Embedded software applications occasionally may need to pass data around the application. When data needs to be passed or when data being received is going to be used to synchronize thread execution, a developer may decide to use a message queue. In this post, we will explore message queues and how to use them.


A message queue is the primary method within an RTOS to transmit information from one thread to the next. A message queue contains at least one mailbox to contain the transmitted message. A single message must be at least one word in size (32 bits). Messages that are sixteen words or larger should be passed by pointer in order to minimize memory usage and improve performance. The mailbox contains a stand-alone message copy so if a pointer to the data is being used, the data must not be modified until after the receiving thread has dereferenced the pointer and accessed the data. A message queue can contain more than a single message box which allows messages to accumulate in the queue for processing by a receiving thread.


Creating a message queue in the Renesas Synergy™ development environment is similar to creating a semaphore, mutex or event flag. A developer opens the Synergy Configurator, navigates to the threads tab and then within the selected thread, adds a queue. An example queue that is added into the blinky thread can be seen below:

Once the queue has been created, a developer can select the queue and navigate to the Synergy properties window to create the initial settings. The configurable properties can be seen below:



Developers can provide the queue a string name and a symbol name that will be used in the code. A developer also needs to specify how many words the message size will be. In the example above, a developer specifies that the queue size is 20 bytes and that the message size is 4 bytes (1 word). The queue can hold 5 messages (20/4) before the queue is full.


There are several APIs that a developer can use to interact with the message queue. These are detailed in the ThreadX user manual which can be downloaded from the Synergy Gallery. The primary APIs that we will discuss are the following:


UINT tx_queue_receive(TX_QUEUE *queue_ptr, VOID *destination_ptr, ULONG wait_option)


UINT tx_queue_send(TX_QUEUE *queue_ptr, VOID *source_ptr, ULONG wait_option)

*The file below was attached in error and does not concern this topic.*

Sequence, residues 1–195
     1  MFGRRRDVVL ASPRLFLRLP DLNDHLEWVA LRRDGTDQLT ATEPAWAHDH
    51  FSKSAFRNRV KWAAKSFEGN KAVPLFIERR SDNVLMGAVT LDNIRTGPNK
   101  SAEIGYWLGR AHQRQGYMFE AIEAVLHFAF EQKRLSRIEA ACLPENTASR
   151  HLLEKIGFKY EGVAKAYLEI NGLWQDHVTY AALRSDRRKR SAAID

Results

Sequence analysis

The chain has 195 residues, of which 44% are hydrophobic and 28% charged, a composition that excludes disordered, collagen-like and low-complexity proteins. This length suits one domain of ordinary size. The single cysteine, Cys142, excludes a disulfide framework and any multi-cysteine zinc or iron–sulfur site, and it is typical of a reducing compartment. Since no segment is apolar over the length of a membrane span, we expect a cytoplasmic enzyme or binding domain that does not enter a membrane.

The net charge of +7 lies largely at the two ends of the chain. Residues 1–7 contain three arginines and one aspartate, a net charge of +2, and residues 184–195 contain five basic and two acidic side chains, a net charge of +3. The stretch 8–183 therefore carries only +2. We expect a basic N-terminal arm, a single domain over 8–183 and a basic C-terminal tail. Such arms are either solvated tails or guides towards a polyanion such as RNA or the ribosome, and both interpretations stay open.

If a developer wanted to send a message using the queue shown earlier, they would need a UINT status variable along with a ULONG variable for storing their message. For example, a developer would create something similar to following:


UINT status;

ULONG my_message[4] = {0x00, 0x00, 0x00, 0x00};


A developer could then use the tx_queue_send API call to send my_message as follows:


status = tx_queue_send(&my_RxQue, my_message, TX_NO_WAIT);


Another thread would then use the tx_queue_receive API call to wait for data to be received. Developers have the option to have the receive call continue executing if no message are available, TX_NO_WAIT, block until a message is received, TX_WAIT_FOREVER or only block for a timeout period. The receive API implementation would be as follows:


status = tx_queue_receive(&my_RxQue, my_message, TX_WAIT_FOREVER);


Keep in mind that the ThreadX Message Queue mechanism provides basic RTOS messaging capabilities. If additional capabilities such as:

  • Handshaking
  • Message formatting
  • Message Priorities
  • Publish / subscribe mechanism

are needed, a develop may want to consider using the Synergy Messaging Framework which extends the message queue capabilities. To learn more about the Messaging Framework, consider reading Getting started with the Messaging Framework.


Until next time,


Live long and profit!





Hot Tip of the Week


One of the most important ways to learn about using the Synergy Platform in your application is to look at working application projects available on the Synergy Kit web page here.


In order to import these existing projects into your ISDE- either e2 studio or IAR EW for Synergy- you can follow along the step by step instructions provided in the application note available here. After you do this the first time, it will be easy to remember. Don’t delay. Start importing those projects today!